At a sacred park, we brought a huge bag of fish pellets and fed the sacred fish in the pond. They were like catfish, but had wide sucker-mouths. They did a feeding frenzy, and would push away the slow turtles that came to get their share of the pellets. Feeding sacred fish is a very soothing experiences, sonically as well as spiritually.
In Ayutthaya Wat we wandered around the ruins of old temples destroyed by invaders. There were headless buddha statues, brick rubble walls, foundations, and some drooping ancient structures. It felt old the way the Canadian Shield feels old. The soundscape there was quiet and peaceful for the most part: birds singing, people walking quietly taking pictures or listening to a tour guide. One interesting addition was a toy sold by vendors outside the temples to groups of school children. The toy was a stick, a sounding tube, a string tied between them, and some kind of resin under the string. When it was spun in a circle, the string vibrated against the resin and the tube amplified it to sound like insects. (See clip below)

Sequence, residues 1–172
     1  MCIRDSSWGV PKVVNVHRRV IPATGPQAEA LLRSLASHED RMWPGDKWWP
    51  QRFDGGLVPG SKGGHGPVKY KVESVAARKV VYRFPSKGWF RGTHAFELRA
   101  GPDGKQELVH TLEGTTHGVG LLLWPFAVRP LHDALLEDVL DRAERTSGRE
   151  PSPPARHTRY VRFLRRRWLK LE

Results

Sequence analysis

This is a clip from inside the ruins of one of the wats (temples). The voice you hear is the audio guide I am listening to explaining the history of the place.
My most memorable sound in Bangkok – the dropping of small coin tokens into bowls along the back of the massive Reclining Buddha, and reverberating in the huge room, tiled and painted and gilded. Even the sound is golden. We paid 20 Baht for our small bowl of tokens, and if you put one in each large bowl, it means you have good fortune (if I remember correctly).
Near the place we are staying for part of our time in Bangkok, we are close to a school where we heard children practicing traditional Thai music on traditional instruments made of bamboo, a type of angklung where each child holds one note of a scale in each hand, and shakes the bamboo to sound the note at the right time.